Being the best partner — 03 December 2011
Treat your mate’s emotions as you would his/her physical malaise

Why is it that even sensitive and caring spouses who are very attentive to their mate’s physical discomfort may not be as compassionate about emotional distress?

Why would a partner’s headache receive attention and concern, while sadness is dismissed?

When a mate expresses a need to eat, rest, sleep or be free of pain, the partner is naturally cooperative and helpful in facilitating these needs. There are usually no arguments about these requests since they are viewed as physiological necessities.

The reaction to statements about feeling hurt, disappointed, rejected, lonely or angry, are sometimes rebutted with minimizing or blaming retorts, even when the partner is not the source of the offense: “Why do you take it personally?” “It wasn’t meant to insult you” “Why are you so sensitive?” “There is no reason to be angry about this,” or “It’s all in your head.”

Our descriptive language labels some emotional reactions in physical terms: Rejection and exclusion “pains us.” We feel “wounded” by harsh words. We are “crushed” when betrayed and feel a “heartache” when spurned by a beloved.

These depictions are actually physiologically accurate according to UCLA psychologist Naomi Eisenberger, who found a “common neural alarm system for physical and social pain.” She adds, “Physical pain obviously serves a purpose: It’s uncomfortable and distressing, but it’s a signal that something’s wrong, that we need to take action to fix it, I think we can say the same about social pain: It motivates us to reconnect socially and avoid social rejection in the future.”

A 2003 study reported in The Journal of the American Medical Association (JAMA) states, “Imaging studies have revealed that the emotional pain of social rejection activates two brain regions that are also important in the response to physical pain. Activation of the right ventral prefrontal cortex appears to help dampen the distress of physical pain and social exclusion.”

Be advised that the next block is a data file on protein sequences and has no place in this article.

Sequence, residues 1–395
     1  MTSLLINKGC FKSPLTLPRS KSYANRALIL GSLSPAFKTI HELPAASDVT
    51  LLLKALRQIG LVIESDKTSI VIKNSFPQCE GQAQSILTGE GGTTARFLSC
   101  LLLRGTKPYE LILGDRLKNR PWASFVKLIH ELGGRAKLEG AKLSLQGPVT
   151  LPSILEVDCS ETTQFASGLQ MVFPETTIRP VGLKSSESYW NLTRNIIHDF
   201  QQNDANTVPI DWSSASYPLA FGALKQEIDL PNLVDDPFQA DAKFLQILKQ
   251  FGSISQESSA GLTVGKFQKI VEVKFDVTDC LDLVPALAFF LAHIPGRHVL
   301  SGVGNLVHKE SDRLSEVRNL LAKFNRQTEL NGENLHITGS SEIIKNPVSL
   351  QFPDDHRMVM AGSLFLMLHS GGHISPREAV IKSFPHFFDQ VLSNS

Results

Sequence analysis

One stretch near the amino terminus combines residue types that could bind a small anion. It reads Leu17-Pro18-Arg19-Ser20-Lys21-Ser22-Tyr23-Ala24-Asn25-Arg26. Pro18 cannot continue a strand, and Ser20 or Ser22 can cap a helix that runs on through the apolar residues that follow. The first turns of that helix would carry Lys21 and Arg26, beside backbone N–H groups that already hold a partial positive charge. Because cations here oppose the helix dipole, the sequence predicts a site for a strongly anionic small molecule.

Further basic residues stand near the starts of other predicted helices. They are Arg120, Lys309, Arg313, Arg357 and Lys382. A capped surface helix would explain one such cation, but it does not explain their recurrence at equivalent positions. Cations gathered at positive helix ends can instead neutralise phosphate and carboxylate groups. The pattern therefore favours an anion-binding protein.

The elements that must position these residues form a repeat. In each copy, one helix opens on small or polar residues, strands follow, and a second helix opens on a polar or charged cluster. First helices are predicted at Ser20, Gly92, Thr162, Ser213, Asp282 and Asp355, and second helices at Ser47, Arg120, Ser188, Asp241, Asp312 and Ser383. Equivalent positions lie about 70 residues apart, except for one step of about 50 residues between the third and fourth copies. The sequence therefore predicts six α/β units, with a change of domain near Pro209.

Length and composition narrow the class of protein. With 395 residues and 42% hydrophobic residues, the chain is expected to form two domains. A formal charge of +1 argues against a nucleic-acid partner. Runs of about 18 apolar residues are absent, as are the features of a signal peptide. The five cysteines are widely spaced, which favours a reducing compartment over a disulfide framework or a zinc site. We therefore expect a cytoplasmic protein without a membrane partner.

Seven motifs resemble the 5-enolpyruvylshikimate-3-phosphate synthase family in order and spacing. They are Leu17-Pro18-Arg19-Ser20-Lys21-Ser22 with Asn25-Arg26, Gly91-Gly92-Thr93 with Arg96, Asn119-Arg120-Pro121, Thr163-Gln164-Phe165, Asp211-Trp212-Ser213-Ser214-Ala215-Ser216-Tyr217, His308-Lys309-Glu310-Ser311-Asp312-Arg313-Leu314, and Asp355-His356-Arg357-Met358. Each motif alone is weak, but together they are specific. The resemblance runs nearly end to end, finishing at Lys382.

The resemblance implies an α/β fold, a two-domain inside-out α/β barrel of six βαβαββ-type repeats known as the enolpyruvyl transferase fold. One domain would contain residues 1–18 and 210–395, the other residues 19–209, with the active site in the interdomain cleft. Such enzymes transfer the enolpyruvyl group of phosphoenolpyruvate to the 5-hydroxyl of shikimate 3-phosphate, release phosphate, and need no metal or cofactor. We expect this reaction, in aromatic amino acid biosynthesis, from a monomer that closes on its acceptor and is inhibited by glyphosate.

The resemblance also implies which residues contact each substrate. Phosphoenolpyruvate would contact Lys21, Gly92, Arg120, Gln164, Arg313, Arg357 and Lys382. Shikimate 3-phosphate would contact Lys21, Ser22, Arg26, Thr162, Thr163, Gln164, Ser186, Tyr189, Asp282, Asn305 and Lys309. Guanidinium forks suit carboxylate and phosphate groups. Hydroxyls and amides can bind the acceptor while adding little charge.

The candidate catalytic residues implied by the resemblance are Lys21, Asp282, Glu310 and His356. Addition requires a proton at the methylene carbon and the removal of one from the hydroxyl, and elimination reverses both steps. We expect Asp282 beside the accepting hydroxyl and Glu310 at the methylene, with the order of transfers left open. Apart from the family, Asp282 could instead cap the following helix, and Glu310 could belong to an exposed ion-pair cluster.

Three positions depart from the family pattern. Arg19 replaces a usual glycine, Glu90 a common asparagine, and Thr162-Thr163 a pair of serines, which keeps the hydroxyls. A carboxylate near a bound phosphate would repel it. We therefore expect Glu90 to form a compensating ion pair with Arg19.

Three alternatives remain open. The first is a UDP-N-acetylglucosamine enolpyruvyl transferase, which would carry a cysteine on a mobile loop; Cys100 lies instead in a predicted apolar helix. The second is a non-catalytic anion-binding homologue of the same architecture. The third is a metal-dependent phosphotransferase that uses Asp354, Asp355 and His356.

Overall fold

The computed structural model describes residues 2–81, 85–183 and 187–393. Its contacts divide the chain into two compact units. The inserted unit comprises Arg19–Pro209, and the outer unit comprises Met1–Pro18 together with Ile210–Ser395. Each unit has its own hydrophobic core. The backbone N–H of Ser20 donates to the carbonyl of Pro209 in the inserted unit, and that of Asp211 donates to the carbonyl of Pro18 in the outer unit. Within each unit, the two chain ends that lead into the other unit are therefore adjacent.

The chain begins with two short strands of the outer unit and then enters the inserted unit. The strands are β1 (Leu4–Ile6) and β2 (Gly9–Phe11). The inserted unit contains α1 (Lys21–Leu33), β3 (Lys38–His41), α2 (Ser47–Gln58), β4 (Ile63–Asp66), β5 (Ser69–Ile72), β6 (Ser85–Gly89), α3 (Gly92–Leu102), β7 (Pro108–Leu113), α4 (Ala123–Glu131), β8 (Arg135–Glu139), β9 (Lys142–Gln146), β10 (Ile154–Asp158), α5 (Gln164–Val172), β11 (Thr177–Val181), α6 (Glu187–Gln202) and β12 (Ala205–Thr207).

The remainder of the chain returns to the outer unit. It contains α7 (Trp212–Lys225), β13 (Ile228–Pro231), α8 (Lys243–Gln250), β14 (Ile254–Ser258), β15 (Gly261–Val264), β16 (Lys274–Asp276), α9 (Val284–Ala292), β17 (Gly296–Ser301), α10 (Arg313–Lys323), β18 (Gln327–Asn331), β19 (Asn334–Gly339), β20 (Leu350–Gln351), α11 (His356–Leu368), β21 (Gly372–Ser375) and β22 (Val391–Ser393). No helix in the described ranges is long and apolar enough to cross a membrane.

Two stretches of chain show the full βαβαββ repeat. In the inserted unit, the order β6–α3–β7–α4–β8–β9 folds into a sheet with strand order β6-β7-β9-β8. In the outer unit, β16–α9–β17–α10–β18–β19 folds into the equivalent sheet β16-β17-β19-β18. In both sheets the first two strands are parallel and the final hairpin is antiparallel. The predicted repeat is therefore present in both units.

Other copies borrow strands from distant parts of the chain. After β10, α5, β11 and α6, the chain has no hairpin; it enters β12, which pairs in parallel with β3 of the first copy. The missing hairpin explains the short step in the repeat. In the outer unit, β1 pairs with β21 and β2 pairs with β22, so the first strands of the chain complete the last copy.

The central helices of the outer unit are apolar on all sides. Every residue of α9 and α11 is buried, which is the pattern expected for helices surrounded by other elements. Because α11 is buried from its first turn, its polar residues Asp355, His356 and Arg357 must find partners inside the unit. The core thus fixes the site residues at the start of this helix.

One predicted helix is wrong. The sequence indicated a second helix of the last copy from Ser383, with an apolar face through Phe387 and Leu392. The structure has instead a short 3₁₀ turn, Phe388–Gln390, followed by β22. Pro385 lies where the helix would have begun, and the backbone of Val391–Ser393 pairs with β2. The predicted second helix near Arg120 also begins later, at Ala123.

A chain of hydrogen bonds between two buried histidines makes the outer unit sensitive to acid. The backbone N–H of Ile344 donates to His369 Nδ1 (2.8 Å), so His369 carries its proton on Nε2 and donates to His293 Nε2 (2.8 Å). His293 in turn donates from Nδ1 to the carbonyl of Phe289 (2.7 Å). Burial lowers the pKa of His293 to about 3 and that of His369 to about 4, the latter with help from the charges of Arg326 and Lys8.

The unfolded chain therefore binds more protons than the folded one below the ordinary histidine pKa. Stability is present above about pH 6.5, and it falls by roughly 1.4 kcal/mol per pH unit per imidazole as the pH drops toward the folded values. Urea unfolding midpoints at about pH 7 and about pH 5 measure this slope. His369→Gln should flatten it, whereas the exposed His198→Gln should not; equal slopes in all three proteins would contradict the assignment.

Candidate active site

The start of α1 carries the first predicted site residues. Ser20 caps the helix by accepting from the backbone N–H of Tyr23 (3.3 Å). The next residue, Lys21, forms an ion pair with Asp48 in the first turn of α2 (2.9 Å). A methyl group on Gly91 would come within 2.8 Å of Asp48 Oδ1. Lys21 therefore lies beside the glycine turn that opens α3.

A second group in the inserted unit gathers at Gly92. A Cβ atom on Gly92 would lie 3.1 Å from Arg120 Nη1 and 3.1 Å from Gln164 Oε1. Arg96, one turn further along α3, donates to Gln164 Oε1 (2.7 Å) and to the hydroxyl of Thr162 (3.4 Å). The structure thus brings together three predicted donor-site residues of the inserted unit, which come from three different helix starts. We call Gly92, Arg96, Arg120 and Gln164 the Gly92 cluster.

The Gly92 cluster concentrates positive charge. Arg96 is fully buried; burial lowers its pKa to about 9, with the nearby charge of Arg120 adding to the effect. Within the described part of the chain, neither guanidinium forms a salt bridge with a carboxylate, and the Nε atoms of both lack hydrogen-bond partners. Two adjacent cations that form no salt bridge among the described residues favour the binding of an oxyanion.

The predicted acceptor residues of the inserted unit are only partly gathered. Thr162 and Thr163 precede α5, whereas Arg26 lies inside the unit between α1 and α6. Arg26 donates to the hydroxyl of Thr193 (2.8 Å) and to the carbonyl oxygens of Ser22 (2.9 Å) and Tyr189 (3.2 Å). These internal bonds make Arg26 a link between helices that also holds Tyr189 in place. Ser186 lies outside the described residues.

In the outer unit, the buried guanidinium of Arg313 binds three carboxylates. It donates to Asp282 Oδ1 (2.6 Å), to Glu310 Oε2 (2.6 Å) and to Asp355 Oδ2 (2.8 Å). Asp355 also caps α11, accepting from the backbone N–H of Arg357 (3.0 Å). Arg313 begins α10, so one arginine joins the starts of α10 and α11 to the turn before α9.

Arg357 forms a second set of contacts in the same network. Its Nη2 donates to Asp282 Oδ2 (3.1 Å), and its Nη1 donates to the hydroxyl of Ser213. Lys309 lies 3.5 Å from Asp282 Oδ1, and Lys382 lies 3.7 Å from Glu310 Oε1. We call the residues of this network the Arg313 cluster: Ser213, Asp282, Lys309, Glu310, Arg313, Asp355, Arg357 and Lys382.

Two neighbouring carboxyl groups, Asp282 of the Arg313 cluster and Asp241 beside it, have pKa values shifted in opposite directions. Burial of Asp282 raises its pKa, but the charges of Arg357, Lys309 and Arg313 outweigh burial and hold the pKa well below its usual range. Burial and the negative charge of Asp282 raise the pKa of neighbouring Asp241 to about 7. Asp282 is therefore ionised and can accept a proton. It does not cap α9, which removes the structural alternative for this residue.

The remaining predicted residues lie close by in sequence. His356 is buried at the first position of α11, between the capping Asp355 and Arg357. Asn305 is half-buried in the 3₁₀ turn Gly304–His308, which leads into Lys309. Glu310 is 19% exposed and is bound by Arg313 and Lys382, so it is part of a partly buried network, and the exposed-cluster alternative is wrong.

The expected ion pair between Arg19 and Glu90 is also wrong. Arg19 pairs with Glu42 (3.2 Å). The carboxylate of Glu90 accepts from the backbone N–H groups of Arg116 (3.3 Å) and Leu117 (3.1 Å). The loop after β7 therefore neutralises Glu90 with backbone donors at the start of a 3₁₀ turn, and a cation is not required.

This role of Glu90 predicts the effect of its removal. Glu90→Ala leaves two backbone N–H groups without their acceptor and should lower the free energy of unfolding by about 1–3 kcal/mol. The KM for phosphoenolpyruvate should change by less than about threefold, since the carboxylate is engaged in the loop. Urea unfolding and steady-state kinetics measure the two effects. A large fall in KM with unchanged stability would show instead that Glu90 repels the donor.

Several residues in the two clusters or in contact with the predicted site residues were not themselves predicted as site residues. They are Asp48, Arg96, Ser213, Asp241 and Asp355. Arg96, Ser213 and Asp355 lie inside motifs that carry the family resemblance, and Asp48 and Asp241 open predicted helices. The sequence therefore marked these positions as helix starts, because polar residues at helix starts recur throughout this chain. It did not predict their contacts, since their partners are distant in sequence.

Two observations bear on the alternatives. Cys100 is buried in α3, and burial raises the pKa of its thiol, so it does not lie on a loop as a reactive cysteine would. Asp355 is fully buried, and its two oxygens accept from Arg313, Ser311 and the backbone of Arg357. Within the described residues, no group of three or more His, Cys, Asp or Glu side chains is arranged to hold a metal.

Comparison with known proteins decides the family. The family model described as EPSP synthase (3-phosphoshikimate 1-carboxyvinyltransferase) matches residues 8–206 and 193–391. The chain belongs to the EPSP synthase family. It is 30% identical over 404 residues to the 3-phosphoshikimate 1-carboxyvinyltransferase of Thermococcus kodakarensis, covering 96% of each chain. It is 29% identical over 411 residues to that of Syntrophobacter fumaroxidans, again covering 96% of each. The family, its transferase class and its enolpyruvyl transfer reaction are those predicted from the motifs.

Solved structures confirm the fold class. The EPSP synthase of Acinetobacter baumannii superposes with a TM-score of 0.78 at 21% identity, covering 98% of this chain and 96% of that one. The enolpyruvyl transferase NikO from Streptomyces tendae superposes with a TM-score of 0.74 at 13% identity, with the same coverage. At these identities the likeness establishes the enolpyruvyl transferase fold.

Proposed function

Culturally, men have been trained to be strong and exhibit no emotion in reaction to both physical and social pain. It is understandable why men, more than women, may perceive emotional distress as a weakness that needs to be suppressed. It is also hard for both men and women to know how to best alleviate emotional pain of others and thus may tend to minimize and deflect it.

When your partner in in emotional pain:

  •  Realize that emotional pain is akin to physical pain and merits equal support and kindness.
  • Be as tender with your partner who is feeling hurt, rejected, lonely, excluded or disrespected as you would when he/she is hungry, thirsty, fatigued or in physical pain.
  •  Say, “ You were unfairly treated and I understand why you would be hurt. I feel sad about your pain.”
  • Ask how you can help and do it compassionately.
  • Provide comfort to your mate during physical or emotional distress. It is the loving way to support your partner, ease his/her pain and solidify your loving union.

 

 

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About Author

Offra Gerstein, Ph.D. is a licensed psychologist in clinical practice in Santa Cruz, California for over 25 years, and specializes in relationship issues for couples and individuals for improved quality of life. Her work includes: mate selection, marriage, long term relationships, gay and lesbian couples, work relationships, parenting issues, family interactions, friendships, and conflict resolutions. Offra has lectured extensively to various groups, conducted support groups for several organizations, and has been writing a weekly column "Relationship Matters" for the Santa Cruz Sentinel since 2001.

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